In the end it was worth the effort AND the mosquito bites. I’m no birder, but this was a first for me and it wasn’t even on my “Birdie Bucket List” so I eagerly took a ton of shots, lest this bird should fly away. So was that sound a mating call? Or was it shrieking in fear from the tall stranger who gawked at it, then lingered on, lurking in its personal zone? Who knows, but I spooked it and it flew across the narrow Rouge River to safer territory.

Dejected by the bird’s rebuff, I returned to the Gateway Trail and crossed the picturesque walkway; it is still the Rouge River here, just calmer and not churning.

Just moments later I heard another birdcall. Through the bushes I saw its mate, or maybe a pal, but likely it was the same bird as it glared at me intensely. Naturally, there were more photos. I’ll keep you guessing and the mystery bird will appear in this week’s Wordless Wednesday post.

I went to the Fairlane/Ford Estate and walked around the grounds. It was peaceful and I was the only one there.

Not quite the “Motor City” … but motoring along nevertheless.

I headed back to the car, once again meandering along Michigan Avenue, where most businesses were flying the flag at half-mast – this huge flag was flapping in the breeze.

All the while I was eyeballing that busy street for antique vehicles. Well I hit pay dirt as one zipped past me, then pulled into nearby Westborn Market’s parking lot. I crossed the street to get a shot of that vintage car, then the owners came out toting a few bags of ice. I said I was going to wait and take a few shots as they pulled away. They both smiled and gave me a toot on that rather tinny horn, which reminded me of my tricycle horn, a very long time ago.

While I was at the Market I got shots of the many mums they had in the parking lot, which I used for a Wordless Wednesday post back on September 29th.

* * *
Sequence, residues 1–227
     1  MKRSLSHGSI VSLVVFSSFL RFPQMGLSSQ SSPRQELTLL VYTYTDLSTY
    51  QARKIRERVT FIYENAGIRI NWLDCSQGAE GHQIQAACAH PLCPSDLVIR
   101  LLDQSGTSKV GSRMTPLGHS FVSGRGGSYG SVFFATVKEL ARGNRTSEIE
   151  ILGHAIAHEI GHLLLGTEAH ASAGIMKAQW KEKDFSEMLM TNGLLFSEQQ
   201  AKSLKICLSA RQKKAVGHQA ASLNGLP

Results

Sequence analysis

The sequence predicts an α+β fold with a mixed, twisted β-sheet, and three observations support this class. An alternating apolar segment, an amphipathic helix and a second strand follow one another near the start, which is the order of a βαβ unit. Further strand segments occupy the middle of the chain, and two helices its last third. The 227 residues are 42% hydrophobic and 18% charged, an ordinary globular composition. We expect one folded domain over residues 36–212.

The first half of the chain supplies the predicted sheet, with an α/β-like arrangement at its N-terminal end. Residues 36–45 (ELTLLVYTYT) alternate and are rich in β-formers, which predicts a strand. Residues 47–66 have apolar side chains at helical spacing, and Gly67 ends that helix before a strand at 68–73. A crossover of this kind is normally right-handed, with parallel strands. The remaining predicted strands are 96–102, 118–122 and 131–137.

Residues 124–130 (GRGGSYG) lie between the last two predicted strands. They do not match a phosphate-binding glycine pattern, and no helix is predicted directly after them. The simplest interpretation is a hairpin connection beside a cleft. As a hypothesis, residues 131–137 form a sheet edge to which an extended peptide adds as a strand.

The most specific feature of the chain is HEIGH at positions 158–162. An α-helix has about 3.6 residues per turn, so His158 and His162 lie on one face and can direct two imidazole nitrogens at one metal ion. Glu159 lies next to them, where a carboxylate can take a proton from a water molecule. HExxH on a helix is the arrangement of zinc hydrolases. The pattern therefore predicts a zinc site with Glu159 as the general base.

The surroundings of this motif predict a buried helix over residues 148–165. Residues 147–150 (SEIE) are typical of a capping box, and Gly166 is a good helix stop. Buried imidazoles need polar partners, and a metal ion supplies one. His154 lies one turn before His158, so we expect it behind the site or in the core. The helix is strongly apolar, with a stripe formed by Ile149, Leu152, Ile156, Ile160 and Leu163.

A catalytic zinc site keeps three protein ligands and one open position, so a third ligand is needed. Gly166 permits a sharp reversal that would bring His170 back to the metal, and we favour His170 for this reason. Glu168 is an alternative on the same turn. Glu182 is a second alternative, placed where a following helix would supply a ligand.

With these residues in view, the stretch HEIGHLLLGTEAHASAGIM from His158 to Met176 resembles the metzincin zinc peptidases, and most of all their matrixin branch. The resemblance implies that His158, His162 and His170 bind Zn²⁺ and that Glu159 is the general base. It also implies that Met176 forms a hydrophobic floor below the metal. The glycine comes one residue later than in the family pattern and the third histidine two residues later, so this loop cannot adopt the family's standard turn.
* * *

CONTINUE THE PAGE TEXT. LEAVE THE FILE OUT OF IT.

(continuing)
About Linda Schaub

This is my first blog and I enjoy writing each and every post immensely. I started a walking regimen in 2011 and decided to create a blog as a means of memorializing the people, places and things I see on my daily walks. I have always enjoyed people watching, and so my blog is peppered with folks I meet, or reflections of characters I have known through the years. Often something piques my interest, or evokes a pleasant memory from my memory bank, so this becomes a “slice o’ life” blog post that day. I respect and appreciate nature and my interaction with Mother Nature’s gifts is also a common theme. Sometimes the most-ordinary items become fodder for points to ponder over and touch upon. My career has been in the legal field and I have been a legal secretary for four decades, primarily working in downtown Detroit, and now working from my home. I graduated from Wayne State University with a degree in print journalism in 1978, though I’ve never worked in that field. I like to think this blog is the writer in me finally emerging!! Walking and writing have met and shaken hands and the creative juices are flowing once again in Walkin’, Writin’, Wit & Whimsy – hope you think so too. - Linda Schaub
This entry was posted in nature, September 11th, walk, walking and tagged , , , . Bookmark the permalink.

42 Responses to Morning meander and a mishmash of images …

  1. Sandra J says:

    A wonderful walk and tour of many different places. It is like walking along with you. I love it when I hear a bird singing yet it sounds like one I have never heard and have to go investigate, hoping to see something new. We do that all the time. 🙂

    Liked by 1 person

    • Linda Schaub says:

      Thank you Sandra – it was such a beautiful day and that made the walk all the nicer. It was fun hearing the bird and then discovering it. This trail through the forest is pretty long – I just went off to the left to connect with the Ford Estate I’ve not been on the entire bike trail which stretches for many miles (19.5 one way) through several cities, but the portion I walked is two miles each way. I wanted to go back in the Fall with the color change, but didn’t make it back … next year for sure.

      Liked by 1 person

  2. I’ll be anxious to see what the bird was!

    Liked by 1 person

  3. Anne says:

    What a tease to keep us guessing like this!

    Liked by 1 person

  4. you always take such good care with detail Linda!

    Liked by 1 person

    • Linda Schaub says:

      Thanks Wayne. What I started doing this year because it is sometimes many weeks (if not months) before I do the post, is coming home and writing notes, sometimes even a rough draft of the eventual post while it is fresh in my mind. Then when I have all the pictures loaded (also sometimes weeks later), I just pair it to the story. That’s been working really well as I’d never remember the details.